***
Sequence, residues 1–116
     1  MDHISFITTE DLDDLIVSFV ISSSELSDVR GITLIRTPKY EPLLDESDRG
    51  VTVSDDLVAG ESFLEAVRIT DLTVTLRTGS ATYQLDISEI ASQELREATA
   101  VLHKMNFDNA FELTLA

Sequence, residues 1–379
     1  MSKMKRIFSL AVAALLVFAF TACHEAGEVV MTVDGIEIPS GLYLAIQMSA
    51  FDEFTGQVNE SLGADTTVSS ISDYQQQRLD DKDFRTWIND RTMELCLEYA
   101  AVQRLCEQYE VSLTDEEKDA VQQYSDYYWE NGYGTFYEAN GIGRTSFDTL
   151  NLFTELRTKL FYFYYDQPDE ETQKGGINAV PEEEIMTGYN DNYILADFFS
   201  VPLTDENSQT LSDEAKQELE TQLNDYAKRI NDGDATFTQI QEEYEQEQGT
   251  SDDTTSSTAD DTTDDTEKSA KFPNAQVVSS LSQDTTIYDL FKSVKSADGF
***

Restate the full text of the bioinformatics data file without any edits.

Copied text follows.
Sequence, residues 1–116
     1  MDHISFITTE DLDDLIVSFV ISSSELSDVR GITLIRTPKY EPLLDESDRG
    51  VTVSDDLVAG ESFLEAVRIT DLTVTLRTGS ATYQLDISEI ASQELREATA
   101  VLHKMNFDNA FELTLA

Sequence, residues 1–379
     1  MSKMKRIFSL AVAALLVFAF TACHEAGEVV MTVDGIEIPS GLYLAIQMSA
    51  FDEFTGQVNE SLGADTTVSS ISDYQQQRLD DKDFRTWIND RTMELCLEYA
   101  AVQRLCEQYE VSLTDEEKDA VQQYSDYYWE NGYGTFYEAN GIGRTSFDTL
   151  NLFTELRTKL FYFYYDQPDE ETQKGGINAV PEEEIMTGYN DNYILADFFS
   201  VPLTDENSQT LSDEAKQELE TQLNDYAKRI NDGDATFTQI QEEYEQEQGT
   251  SDDTTSSTAD DTTDDTEKSA KFPNAQVVSS LSQDTTIYDL FKSVKSADGF